The premier church of the circuit is George Street, Driffield. The first chapel stood in Mill Street, and was used from 1821-1874; when the noble property in George Street was opened. A fine galleried chapel capable of seating 900 people, adjoins school premises to accommodate 600 scholars. In 1906 the chapel was equipped with a modern organ mechanically blown. The first service held in the chapel was a Dedicatory Prayer Meeting, conducted by Mr. T. Wood, assisted by the circuit ministers. The “opening day” ended with a public meeting, at which no less than ten speakers (according to advertisement) had consented to give addresses. The church is famed in the district for its magnificent Sunday-evening congregations, its hearty congregational singing, and the warm atmosphere which pervades its worship. In Mr. G. Verity the church has a devoted steward. The Jews never loved the Temple more deeply than Mr. Verity loves George Street. No task is too big, and none too menial, if necessary for the welfare of Zion. His counsel time, and service are always at the disposal of his church. Still young in spirit, he has been a class leader and school-worker forty-three years, and is now in the thirty-third year of his stewardship. He has a worthy assistant in Mr. J. Layton. From this church, the Rev. W. Armstrong was called to the ministry. 

Next in importance to George Street is the church at Nafferton – a large village near to Driffield of 1,240 inhabitants. This church, during the last thirty-years, has had a record of prosperity unequalled in the circuit. The chapel debt has been paid off, the membership substantially enlarged, the Sunday-school roll augmented, and the quarterly allocation increased four-fold. A group of vigorous and sagacious leaders, including Messrs. Beedham, Hall, Robinson, Taylor, Verity, Wilson, among others, co-operating zealously and harmoniously with the resident minister, explains in large measure the continued progress of the church. Nor has the climax been reached. A fine band of young people is prophetic of a great future. From this church the Revs. J.T. Lyon, and J.H. Johnson were called to the ministry.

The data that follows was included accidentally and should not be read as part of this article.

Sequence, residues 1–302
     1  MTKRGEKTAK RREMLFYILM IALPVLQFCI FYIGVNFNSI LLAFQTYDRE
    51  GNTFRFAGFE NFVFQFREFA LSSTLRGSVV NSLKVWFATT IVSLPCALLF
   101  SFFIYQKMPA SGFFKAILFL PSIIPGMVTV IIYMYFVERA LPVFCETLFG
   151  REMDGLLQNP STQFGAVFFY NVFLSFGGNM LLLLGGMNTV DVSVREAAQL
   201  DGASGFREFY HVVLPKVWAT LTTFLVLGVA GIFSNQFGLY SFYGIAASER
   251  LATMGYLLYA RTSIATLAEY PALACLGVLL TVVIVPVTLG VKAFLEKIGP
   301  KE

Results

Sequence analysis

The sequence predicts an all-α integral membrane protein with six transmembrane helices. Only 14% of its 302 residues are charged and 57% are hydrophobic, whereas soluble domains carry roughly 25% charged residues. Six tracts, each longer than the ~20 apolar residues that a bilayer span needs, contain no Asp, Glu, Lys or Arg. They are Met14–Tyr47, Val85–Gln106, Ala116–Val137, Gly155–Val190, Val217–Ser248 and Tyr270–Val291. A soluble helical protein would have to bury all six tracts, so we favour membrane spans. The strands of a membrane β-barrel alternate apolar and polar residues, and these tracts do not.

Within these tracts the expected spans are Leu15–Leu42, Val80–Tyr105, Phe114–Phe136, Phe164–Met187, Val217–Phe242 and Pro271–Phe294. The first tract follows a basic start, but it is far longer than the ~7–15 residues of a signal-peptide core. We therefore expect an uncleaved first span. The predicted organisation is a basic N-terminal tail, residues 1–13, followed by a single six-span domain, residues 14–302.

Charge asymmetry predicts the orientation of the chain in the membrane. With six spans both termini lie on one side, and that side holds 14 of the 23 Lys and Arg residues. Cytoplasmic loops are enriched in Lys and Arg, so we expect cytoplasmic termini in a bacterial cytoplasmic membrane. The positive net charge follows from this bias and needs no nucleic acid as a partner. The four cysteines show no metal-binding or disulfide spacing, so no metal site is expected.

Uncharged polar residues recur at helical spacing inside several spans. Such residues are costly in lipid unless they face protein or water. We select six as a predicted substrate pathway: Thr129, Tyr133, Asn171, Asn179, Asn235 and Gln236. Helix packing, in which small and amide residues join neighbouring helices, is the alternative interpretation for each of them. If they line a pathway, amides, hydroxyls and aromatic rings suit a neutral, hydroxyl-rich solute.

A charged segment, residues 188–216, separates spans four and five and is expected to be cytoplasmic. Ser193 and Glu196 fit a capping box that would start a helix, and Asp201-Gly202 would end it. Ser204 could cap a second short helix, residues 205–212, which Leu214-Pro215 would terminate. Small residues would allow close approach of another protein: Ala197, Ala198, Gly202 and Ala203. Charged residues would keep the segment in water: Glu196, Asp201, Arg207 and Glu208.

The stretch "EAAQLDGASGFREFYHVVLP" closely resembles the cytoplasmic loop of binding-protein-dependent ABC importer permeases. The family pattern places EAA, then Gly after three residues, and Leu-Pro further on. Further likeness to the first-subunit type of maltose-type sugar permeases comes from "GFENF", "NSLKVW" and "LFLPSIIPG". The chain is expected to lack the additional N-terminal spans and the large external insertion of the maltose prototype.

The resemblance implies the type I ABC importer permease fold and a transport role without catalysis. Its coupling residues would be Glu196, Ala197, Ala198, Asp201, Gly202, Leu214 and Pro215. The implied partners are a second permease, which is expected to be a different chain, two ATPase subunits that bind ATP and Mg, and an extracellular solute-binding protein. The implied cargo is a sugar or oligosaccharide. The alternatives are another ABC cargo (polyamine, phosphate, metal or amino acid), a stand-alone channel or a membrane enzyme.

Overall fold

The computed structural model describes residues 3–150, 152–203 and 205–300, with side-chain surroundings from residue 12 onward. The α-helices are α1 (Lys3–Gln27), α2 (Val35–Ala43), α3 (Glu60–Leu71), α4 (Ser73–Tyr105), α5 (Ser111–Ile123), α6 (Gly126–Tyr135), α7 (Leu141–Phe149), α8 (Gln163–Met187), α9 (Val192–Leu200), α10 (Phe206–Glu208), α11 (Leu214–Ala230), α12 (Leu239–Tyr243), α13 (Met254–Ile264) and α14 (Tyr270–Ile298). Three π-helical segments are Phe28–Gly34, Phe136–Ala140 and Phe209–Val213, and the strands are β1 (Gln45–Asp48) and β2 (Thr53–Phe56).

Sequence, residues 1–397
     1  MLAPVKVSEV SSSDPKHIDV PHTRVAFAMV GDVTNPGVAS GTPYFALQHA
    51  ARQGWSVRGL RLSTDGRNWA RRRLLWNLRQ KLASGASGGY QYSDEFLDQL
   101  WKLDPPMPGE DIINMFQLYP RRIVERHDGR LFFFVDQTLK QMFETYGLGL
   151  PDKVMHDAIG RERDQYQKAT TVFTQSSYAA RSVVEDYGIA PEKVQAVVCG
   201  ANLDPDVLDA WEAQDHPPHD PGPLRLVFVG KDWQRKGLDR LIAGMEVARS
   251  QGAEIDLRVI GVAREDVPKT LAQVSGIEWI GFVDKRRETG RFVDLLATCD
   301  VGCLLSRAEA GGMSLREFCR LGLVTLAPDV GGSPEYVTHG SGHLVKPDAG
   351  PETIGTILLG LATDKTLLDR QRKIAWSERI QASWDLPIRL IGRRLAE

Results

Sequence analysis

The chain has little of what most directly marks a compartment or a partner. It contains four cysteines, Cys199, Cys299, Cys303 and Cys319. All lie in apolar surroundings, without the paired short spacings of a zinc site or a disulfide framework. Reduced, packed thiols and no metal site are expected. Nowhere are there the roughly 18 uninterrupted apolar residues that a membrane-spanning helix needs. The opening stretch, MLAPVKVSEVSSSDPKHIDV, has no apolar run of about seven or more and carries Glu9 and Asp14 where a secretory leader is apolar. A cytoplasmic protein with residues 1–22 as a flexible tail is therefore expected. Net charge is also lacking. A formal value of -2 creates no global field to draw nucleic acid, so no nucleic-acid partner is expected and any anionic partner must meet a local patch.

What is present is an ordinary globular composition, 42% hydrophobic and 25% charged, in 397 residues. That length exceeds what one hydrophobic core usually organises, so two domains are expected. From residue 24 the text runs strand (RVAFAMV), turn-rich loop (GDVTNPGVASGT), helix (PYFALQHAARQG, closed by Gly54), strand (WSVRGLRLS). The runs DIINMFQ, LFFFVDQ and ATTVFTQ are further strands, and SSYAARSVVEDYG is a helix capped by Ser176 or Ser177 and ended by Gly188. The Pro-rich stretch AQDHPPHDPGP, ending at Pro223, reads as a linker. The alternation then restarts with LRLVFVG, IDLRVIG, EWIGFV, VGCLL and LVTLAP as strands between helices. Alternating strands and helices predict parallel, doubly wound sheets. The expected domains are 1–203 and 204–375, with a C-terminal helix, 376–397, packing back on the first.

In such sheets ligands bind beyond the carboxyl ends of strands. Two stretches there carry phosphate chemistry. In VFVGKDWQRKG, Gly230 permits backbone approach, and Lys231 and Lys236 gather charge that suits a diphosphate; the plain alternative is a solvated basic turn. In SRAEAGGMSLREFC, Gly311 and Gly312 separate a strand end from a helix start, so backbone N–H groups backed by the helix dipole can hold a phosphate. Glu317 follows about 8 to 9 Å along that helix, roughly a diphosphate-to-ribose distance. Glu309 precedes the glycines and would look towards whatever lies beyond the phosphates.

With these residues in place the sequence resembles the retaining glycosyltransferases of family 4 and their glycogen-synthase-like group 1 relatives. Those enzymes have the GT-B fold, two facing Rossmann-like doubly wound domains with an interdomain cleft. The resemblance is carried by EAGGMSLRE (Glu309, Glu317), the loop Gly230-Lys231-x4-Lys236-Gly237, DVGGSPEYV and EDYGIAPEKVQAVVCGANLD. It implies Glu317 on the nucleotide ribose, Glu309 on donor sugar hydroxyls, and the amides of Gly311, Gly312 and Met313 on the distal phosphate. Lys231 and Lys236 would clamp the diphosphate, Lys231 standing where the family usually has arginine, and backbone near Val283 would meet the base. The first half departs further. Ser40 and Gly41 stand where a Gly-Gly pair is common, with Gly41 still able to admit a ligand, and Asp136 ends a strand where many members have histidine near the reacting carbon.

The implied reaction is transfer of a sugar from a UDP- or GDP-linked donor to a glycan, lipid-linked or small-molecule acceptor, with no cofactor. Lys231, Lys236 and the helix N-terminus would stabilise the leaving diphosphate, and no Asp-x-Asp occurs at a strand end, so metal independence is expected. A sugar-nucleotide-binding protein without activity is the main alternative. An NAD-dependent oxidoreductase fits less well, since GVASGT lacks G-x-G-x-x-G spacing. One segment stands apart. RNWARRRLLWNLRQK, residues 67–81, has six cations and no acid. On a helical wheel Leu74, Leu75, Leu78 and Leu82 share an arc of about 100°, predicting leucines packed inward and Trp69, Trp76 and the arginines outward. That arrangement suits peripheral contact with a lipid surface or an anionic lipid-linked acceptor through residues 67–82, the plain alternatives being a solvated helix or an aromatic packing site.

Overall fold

A tour round the whole circuit involves a visit to twenty-six churches not yet mentioned. Some of these have historic interests for Primitive Methodists. The mortal remains of Captain Edward Anderson, who took part in the early camp meeting movement, lie in the churchyard at Kilham. The Captain’s home was at Langtoft where a great camp meeting was held on August, 16th, 1807. Beeford was the birth-place and burial-place of Thomas Watson, a famous boy-preacher, who was a travelling-preacher for six years and died at the age of nineteen. Other churches are noteworthy as the spiritual homes of well-known Primitive Methodist families. Cranswick is the home of the Bowes, Dosser, and Duke families. It has also given to the ministry the late Rev. J. Scruton and the Rev. W.H. Whiting. Etton is the home of the Wood family and Wetwang of the Sykes family. Our church and the Brotherhood movement owe no small debt to the family which produced the distinguished Rev. Tom Sykes. At Kilnwick we have been housed for many years in the renovated Anglican school-room, secured largely through the efforts of Mr. J. Pinder. At Bainton stands the oldest chapel (1837) in the circuit, and at Bockington the newest (1913). The senior lay- preacher on the plan, the Venerable Mr. John Dawson, is the mainspring of the church at West Lutton During the last half-century he has fathered this society, and has tramped fourteen hundred miles with the carol singers, collecting over £270. The festivals of his life have been chapel-efforts. At his Jubilee the debt was reduced by one half, and the remainder was repaid at his Golden Wedding. Sorely smitten, now, by the loss of his dear wife, he continues bravely in his noble ministry. Churches are found also at Beswick, Watton, Fimber, Garton, Gembling, Kelk, Kilham, Kirkburn, Little Driffield, Lund, Middleton, North Dalton, Ruston Parva, and Weaverthorpe.